It is also true that presidents and cabinet secretaries make all sorts of appearances before private organizations where the public is not allowed or appearances where attendance is restricted on various bases. It is even true that tickets for presidential events are often doled out (under both parties) as a sort of minor patronage for local political supporters and bigwigs. And no one would deny that a White House can take practical steps to manage attendence at presidential events.
But it has become quite clear in this case -- almost old-hat, you might say -- that all the events the president is holding on Bamboozlepalooza are restricted to people who support his agenda. Sometimes disagree-ers (or should we call them dissidents?) slip through. But the White House takes affirmative and fairly successful steps to exclude those who are not supporters.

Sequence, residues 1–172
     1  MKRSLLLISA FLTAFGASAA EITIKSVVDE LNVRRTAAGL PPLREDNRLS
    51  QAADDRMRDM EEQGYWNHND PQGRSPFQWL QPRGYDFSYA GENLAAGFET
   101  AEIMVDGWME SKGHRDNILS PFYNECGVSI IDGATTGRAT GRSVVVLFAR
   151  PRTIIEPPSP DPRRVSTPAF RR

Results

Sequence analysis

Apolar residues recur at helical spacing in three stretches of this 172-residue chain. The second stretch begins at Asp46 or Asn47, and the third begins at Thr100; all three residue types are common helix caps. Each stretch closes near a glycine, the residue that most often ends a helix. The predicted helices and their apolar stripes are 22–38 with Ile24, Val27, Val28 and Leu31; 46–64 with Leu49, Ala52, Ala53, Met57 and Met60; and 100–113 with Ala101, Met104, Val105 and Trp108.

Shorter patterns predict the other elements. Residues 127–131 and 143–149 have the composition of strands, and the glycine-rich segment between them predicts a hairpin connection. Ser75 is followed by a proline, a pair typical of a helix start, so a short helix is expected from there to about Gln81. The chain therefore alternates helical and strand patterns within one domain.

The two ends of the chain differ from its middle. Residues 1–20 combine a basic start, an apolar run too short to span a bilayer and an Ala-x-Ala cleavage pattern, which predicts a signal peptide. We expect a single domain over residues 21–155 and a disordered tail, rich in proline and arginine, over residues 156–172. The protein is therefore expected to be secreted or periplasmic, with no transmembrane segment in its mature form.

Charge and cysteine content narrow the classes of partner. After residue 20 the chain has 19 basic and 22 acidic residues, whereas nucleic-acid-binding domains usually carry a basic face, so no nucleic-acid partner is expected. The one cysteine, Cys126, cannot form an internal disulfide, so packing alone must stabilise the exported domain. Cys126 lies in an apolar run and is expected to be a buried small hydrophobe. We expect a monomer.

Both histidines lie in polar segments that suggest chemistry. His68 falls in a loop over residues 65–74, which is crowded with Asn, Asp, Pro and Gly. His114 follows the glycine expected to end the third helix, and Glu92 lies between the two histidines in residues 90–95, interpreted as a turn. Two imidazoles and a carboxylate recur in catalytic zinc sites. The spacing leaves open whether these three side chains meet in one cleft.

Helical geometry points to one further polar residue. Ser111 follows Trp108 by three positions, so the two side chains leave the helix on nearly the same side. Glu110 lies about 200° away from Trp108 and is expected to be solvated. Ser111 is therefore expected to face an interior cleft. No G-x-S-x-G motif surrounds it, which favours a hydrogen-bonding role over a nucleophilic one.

We got used to this during the campaign. But that's different: Campaigns are private organizations. They have their own money. They can do pretty much what they want in this regard and are only limited by the constraints of public ridicule.
Taken altogether, though, something seems qualitatively different to me about what's happening here -- specifically, the nexus of taxpayer funding and ideological litmus tests for inclusion. Nobody would imagine that the president would or could restrict public White House tours to political supporters. Yet here the administration has undertaken what is quite publicly a taxpayer-funded public advocacy campaign. And yet only those who pass a political test are allowed to attend.